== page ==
Other recommended trails in the same area: Soldier's Creek, a short out-and-back loop in Longwood. It's only about 1 1/4 miles around, and it's basically impossible to get lost on it. It's fast, fun, and somewhat technical. Worth checking out if you're in the area, but IMHO it's not really worth it if you have a significant drive.
Riders beware. My husband and I rode this trail this afternoon, this being my first time there. We were loaded with the trail map from the website, my GPS, wits, and experience. The trails are not marked at all. We couldn't find the fun, more technical trails my husband rode on a few weeks ago until later in the afternoon. And, it seems like someone has taken it upon themselves to make new trails that go off the property...which we didn't realize (since the map is terrible and totally unreliable) and we landed out on a huge forested, deer, wild hog, and snake filled tract of land. We could NOT find our way back to the trails, tried using the river to guide us, tried using our GPS and basically were trapped in the tract.
We had to call emergency officials as the sun was setting. We had to be flipping found by helicopter. Yes. Helicopter. And, even then, the aviator deputy had to walk to us after being led by the helicopter... We were beyond relieved and thankful!
We were guided out by two really awesome and kind Sheriff Deputies (one aviator and one road deputy) and in our walk back, we discussed the situation with them, asking where we went wrong. Both deputies, at different times, said that this happened numerous times. We were the farthest away they'd had, but being called out for getting lost was common. So many times, in fact, that a Deputy created a marker system to identify locations in the park for emergencies. This park is in serious need of volunteering or care from the county for proper signage.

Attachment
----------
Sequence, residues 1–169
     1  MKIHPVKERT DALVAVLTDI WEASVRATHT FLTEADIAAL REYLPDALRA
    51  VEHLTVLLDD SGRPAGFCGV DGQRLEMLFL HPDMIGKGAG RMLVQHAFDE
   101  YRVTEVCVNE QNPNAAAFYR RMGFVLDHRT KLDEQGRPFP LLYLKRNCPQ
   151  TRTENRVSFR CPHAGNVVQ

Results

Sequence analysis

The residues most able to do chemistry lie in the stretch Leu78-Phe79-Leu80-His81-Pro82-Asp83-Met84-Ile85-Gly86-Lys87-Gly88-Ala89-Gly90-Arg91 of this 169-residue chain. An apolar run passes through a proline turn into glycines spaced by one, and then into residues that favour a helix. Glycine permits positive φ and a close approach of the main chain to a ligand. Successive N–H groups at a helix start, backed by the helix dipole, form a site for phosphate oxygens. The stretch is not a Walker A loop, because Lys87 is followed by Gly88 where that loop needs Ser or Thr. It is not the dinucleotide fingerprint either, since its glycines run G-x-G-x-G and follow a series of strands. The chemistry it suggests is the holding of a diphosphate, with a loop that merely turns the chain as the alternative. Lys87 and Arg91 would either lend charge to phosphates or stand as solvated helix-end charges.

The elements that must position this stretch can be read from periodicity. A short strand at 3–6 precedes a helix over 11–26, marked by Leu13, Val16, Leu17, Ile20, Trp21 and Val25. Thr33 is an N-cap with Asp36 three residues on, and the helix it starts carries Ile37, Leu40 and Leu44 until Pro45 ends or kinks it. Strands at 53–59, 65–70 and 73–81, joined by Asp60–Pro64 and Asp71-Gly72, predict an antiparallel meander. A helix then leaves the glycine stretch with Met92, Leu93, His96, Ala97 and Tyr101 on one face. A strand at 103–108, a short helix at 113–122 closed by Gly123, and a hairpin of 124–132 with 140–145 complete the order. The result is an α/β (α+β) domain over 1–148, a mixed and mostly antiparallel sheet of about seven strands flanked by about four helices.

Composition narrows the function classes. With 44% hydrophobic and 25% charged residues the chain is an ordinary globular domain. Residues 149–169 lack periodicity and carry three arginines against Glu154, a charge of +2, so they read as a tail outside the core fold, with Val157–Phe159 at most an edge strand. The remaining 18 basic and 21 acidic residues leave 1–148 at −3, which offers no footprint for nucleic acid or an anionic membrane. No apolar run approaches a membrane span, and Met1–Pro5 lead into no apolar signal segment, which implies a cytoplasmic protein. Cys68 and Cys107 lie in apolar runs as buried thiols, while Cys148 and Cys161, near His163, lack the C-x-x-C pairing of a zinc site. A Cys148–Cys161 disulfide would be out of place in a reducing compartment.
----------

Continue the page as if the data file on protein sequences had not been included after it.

So, basically, I do not recommend this trail at all. It's not fun enough, technical enough, and the fact that you can't find your way around is beyond frustrating. Compound that with getting lost and you can guarantee I'll never, ever go back. If you do go, go with someone who knows the trails well...and have 911 on speed dial.
Recommended Route: None. Riders beware.
Other recommended trails in the same area: Chuck Lennon (our favorite!)
Summary: This was my trail of choice for one week (rode 3 different days), to make sure everything was experienced. In real fairness this is terrible option for someone who is looking to have fun, nuf said. The trails: very sandy, lose sandy: tight and curvy which is nice when well packed: no down trees: not very technical: many palmettos (whic Rattlesnakes love): most importantly, no proper marking.
Even though there is a map at the north entrance of these trails the layout is quite difficult/impossible to follow. The map is useless. The map shows the trail heading in 2 directions (north and south). Immediately entering the trail head (north entrance), where the trail splits into 3 directions...confused yet even though the map reflects no split? Aside from being confused/lost the whole time I still looked to enjoy myself with the terrain; yet the loose sand was too deep to allow for any real speed/fun.
One could go on and complain more but job done so far is fair. Sure some of the locals will come on and refute these words, but honestly a fast fun time was expected with some challenging terrain. In reality one would be better served with an umbrella and beach cruiser over a mountainbike and moderate expectations.
One bright note, a beautiful Corn Snake hiding in the palmetto bushes staring right back at me.
Recommended Route: None.
Other recommended trails in the same area: If you want fun, go to Soldiers Creek, it's short but plenty of technical ares, bridges and jumps. There is also Chuck Lennon and Mt Dora, both lightyears ahead of this one. It is surprising that so many others rated this place as they did.
Summary: You can read below many descriptions of this trail and for the most part they are accurate and reveal the riders point of view on riding in Florida. I have been riding here since 1997 and have seen many changes to this trail. Now the trail is in great shape. In the dry seasons the Sugar Sand is bad, but last week I was surprised to see that the trail was in good shape and RELATIVELY "fast". Please be aware that midday on the weekends it has been getting busy and crowded. Please bike with care.